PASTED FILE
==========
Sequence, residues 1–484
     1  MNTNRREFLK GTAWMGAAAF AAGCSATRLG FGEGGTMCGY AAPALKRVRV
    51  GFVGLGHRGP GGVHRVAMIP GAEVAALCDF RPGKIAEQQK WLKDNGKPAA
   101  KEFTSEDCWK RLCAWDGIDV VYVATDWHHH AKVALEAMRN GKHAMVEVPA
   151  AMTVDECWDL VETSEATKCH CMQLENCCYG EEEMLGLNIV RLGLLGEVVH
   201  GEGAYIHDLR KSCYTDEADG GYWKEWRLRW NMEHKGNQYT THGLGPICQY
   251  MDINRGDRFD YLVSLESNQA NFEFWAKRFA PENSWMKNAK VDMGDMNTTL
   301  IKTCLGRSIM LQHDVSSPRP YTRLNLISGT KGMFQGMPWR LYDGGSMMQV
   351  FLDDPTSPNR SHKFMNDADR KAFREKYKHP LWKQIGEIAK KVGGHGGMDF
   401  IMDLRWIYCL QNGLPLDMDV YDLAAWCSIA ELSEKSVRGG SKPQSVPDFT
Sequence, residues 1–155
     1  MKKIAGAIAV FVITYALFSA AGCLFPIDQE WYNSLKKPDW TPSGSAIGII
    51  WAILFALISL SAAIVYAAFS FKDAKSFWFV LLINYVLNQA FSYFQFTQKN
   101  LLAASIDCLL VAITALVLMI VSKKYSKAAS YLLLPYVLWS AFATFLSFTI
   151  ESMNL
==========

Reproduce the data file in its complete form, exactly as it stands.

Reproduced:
Sequence, residues 1–484
     1  MNTNRREFLK GTAWMGAAAF AAGCSATRLG FGEGGTMCGY AAPALKRVRV
    51  GFVGLGHRGP GGVHRVAMIP GAEVAALCDF RPGKIAEQQK WLKDNGKPAA
   101  KEFTSEDCWK RLCAWDGIDV VYVATDWHHH AKVALEAMRN GKHAMVEVPA
   151  AMTVDECWDL VETSEATKCH CMQLENCCYG EEEMLGLNIV RLGLLGEVVH
   201  GEGAYIHDLR KSCYTDEADG GYWKEWRLRW NMEHKGNQYT THGLGPICQY
   251  MDINRGDRFD YLVSLESNQA NFEFWAKRFA PENSWMKNAK VDMGDMNTTL
   301  IKTCLGRSIM LQHDVSSPRP YTRLNLISGT KGMFQGMPWR LYDGGSMMQV
   351  FLDDPTSPNR SHKFMNDADR KAFREKYKHP LWKQIGEIAK KVGGHGGMDF
   401  IMDLRWIYCL QNGLPLDMDV YDLAAWCSIA ELSEKSVRGG SKPQSVPDFT
Sequence, residues 1–155
     1  MKKIAGAIAV FVITYALFSA AGCLFPIDQE WYNSLKKPDW TPSGSAIGII
    51  WAILFALISL SAAIVYAAFS FKDAKSFWFV LLINYVLNQA FSYFQFTQKN
   101  LLAASIDCLL VAITALVLMI VSKKYSKAAS YLLLPYVLWS AFATFLSFTI
   151  ESMNL